Rama Sithanen Budget speech: Entrepreneurs 1

You will be glad to know that of the list of selected words, I have chosen to sense the essence of our minister’s speech, the word NEW was said 65 times, INVEST* 65 times, EMPLOY* 59 times, JOB 41 times, DEVELOP*37 times, SME 32 times, SKILL 24 times and ENTREPRENEUR 24 times.

Who is an entrepreneur? Where do the terms come from?

Lucky us Mauritian for being bi-lingual. Our French vibes might give us a better understanding of the word.

I quote the world business guru, Peter Drucker:

“The entrepreneur,” said the French economist J. B. Say around 1800, “shifts economic resources out of an area of lower and into an area of higher productivity and greater yield.” But Say’s definition does not tell us who this “entrepreneur” is. And since Say coined the term almost two hundred years ago, there has been total confusion over the definitions of “entrepreneur” and “entrepreneurship.”


An entrepreneur (a loanword from French) is a person who undertakes and operates a new enterprise or venture, and assumes some accountability for the inherent risks.

Most commonly, the term entrepreneur applies to someone who establishes a new entity to offer a new or existing product or service into a new or existing market, whether for a profit or not-for-profit outcome (see entredonneur).

Business entrepreneurs often have strong beliefs about a market opportunity and are willing to accept a high level of personal, professional, or financial risk to pursue that opportunity. Business entrepreneurs are often highly regarded in US culture as being a critical component of its capitalistic society.

Famed entrepreneurs in America include: Henry Ford (automobiles), J. Pierpont Morgan (banking), Thomas Edison (electricity/light bulbs), Barron Collier (advertising), Milton S. Hershey (confections), Bill Gates (computer operating systems and applications), Steve Jobs (computer hardware, software), among others.

The British entrepreneurs include: Richard Branson (travel and media)

It would appear that entrepreneurship would ooze us, Mauritius out of our predicament and to propel us into the coming era of global competition.

I quote relevant extract of the speech:

A cycle based on trade preferences that has allowed our country to make significant progress since independence. We have used these trade preferences and also overseas development assistance well. However, the world has changed and we have not adapted. The preferences are now being swept away but we have not reacted. We have been naïve in believing that these preferences would endure and that we could continue to obtain concessionary finance to sustain our now outdated socio-economic model.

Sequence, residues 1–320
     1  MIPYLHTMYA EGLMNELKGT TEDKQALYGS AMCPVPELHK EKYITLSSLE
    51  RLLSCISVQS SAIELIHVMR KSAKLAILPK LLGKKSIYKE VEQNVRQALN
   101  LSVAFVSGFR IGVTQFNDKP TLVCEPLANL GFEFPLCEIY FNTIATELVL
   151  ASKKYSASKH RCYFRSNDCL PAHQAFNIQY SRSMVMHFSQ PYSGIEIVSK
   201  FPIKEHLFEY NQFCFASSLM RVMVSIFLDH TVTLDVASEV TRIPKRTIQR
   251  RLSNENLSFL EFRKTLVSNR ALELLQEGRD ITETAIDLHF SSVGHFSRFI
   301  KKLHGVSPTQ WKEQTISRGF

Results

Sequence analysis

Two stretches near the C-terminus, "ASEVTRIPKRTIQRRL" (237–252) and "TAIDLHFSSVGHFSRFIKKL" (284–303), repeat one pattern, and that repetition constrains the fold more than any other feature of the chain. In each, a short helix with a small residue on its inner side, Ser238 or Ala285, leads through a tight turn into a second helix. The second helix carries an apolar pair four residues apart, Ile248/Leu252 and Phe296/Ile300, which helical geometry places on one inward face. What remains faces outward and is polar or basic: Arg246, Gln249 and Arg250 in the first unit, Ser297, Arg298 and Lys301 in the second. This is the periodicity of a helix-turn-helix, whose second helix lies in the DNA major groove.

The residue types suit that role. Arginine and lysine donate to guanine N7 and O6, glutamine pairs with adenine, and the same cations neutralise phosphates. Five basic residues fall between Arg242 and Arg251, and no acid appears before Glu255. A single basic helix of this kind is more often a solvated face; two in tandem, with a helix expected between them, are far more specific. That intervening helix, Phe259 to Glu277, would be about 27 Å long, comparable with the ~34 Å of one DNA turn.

It is time for the nation to embrace radical change and build a new, open and competitive service platform that is fully integrated into the global economy, like Hong Kong, Singapore and Dubay. More important, by also removing other disincentives to small businesses and to hire workers, we will increase employment, reduce vulnerability and alleviate poverty.

This is why the first Budget of l’Alliance Sociale is not, as many feared, about austerity but instead launches the changes needed for a new era of growth, wealth and employment creation.

Broadening the circle of opportunities

To broaden the circle of opportunities we will

1. set up an innovative and comprehensive Economic Empowerment Programme;

2. tackle high female unemployment and low earnings of women;

3. radically improve the support framework for new entrepreneurs and SMEs;

  1. Expand the range of financing instruments for micro enterprises and SMEs.

I am setting myself to ponder, to encourage and if possible to building more entrepreneurship in the future. I consider myself to have been through out my carrier an entrepreneur. Sharing my experiences could trigger hopefully more entrepreneurship so much needed and sought of.

Staying young by Passion: Do you know Sylviane?

A fortnight ago, at a charity lunch at Ebene Hotel School, I had the very great pleasure to meet in the assembly Sylviane. I must admit that I do not really know her well but was a friend of her husband in the glorious days when I was energetic enough to play badminton. This meeting brought back the memory of her works and drove me to go back to her website.

A few years ago, through a friend I was introduced to the works of Philippe Lim, a keen photographer I knew in my teens, today a professor of photographic art in Montréal. Philippe encourages talents by publishing the works of passionate photographers on the web. He makes it possible for us to attend a permanent art exhibition on the web. http://www.imageriecreative.ca/ This is really a great gift of technology and of Philippe.

There and then I discovered the works of Sylviane. She proudly shares with the world her passion for travel and photos. I invite you to visit her site: http://www.rochecouste.net/

From what I conclude, like Sylviane,” Passion drives interest in living”. Nurturing a passion, a keen interest, a goal to attain, give one a reason to live and to live happily.

May I wish you dear reader, a Passion and Passion to live happily?